In one of his autobiographical books, Nobel Laureate (physics) Richard Feynman mentioned that he got a head start on high school algebra by looking at the problems in his older brother's textbook.

      At the time, Feynman didn't know how to solve the problems; so he guessed. If the guess was not correct, he guessed again. Whichever guess--A or B--was closer, he would continue in that direction, until he nailed the correct answer.

      That approach--successive approximation--is used in computer programs that tackle mathematical problems for which there are no exact solutions in closed form.

      Of course, Feynman's early experience had precious little to do with solving algebra problems in an efficient way. What he learned instead was that he could understand algebra without a teacher! That experience was one of many that shaped his lifelong habits of active learning and nonstandard thinking.

      Some 'educator' read the autobiography, failed to grasp the big picture about active learning, and founded a secular religion about Guess and Check instead.

    • yoginijoy profile image

      yoginijoy 5 years ago from Mid-Atlantic, USA

      Hi! I am here thanks to Paul's sharing. As an educator at the college level, I see the fear in my students' eyes when I tell them they need courses in math and science for their bachelor's degree. They are so afraid! It is a direct result of a poor high school math/science education. I agree that something has to be done! I remember my favorite day in physics was very "hands on"--we learned about waves by using slinkies. I agree too that part of the issue is that we need a way to enforce discipline--from kindergarten all the way through. The self-esteem will happen when the student is confident in his/her learning, no?

    • Paul Kuehn profile image

      Paul Richard Kuehn 5 years ago from Udorn City, Thailand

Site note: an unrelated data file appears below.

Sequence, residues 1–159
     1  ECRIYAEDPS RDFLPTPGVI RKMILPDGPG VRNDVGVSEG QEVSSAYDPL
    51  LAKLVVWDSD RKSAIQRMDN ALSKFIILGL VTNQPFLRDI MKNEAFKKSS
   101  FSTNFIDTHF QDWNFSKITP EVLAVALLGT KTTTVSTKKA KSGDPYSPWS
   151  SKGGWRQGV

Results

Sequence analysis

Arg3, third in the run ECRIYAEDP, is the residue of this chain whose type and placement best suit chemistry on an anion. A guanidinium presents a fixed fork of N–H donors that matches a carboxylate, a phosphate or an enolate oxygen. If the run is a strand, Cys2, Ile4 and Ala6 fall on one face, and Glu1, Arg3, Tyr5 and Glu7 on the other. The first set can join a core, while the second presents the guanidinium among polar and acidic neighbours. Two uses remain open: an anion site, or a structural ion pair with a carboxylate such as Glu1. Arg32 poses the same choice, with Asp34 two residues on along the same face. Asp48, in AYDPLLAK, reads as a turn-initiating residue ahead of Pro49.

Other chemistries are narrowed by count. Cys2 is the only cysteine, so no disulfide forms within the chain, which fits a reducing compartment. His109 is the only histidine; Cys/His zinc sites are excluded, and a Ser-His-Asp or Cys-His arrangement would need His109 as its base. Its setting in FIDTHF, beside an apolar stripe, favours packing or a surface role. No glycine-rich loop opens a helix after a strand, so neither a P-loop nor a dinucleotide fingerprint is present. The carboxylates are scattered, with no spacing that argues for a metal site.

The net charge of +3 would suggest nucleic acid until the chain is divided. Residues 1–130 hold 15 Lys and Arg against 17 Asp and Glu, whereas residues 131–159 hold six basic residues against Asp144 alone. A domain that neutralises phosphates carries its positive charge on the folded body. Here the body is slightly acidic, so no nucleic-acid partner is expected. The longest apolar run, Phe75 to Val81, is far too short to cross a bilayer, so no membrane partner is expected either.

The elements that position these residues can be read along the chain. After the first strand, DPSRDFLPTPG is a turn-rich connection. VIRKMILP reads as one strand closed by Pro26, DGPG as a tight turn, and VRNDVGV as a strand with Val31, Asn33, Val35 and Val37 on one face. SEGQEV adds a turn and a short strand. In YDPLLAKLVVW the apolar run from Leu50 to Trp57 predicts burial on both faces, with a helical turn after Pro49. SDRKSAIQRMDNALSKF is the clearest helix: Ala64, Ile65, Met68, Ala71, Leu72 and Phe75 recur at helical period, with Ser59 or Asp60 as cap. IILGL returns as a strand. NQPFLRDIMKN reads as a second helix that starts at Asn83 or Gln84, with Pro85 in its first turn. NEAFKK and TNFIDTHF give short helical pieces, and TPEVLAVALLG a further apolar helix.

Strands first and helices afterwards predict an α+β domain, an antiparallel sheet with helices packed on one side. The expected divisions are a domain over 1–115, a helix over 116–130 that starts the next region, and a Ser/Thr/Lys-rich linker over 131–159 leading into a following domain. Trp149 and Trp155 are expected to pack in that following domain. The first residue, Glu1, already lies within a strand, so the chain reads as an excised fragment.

This is an interesting and useful hub. I do agree that math and science education has to be improved on the secondary level. A hands on approach with less talking from the instructor would certainly help. The Soviet approach you refer to does sound very interesting and worthwhile. My dad once said that if you can express your ideas in math, you really know what you are talking about. Voted up and sharing.

    • Davesworld profile image

      Davesworld 5 years ago from Cottage Grove, MN 55016

      My Jr High School daughter, I forgot the grade it's been a while, brought home here math books and wanted help from her Dad. I have a B.S. degree in mathematics and dozen graduate credits beyond. I couldn't make heads or tails out of what she was trying to do. I spent the evening reading the textbook(?) trying to figure it out.

      The idea in the book was to simplify mathematics by having the student guess as opposed to determine the right answer. Why? I don't know. I went through the sample problems at the end of a chapter. I could work the arithmetic in my head and knew the solution but couldn't find it in the answers given in the book. Then it dawned on me that the kid was NOT supposed to find the right answer just supposed to get close.

      When this is what passes for math education it's no wonder our children are mathematically illiterate.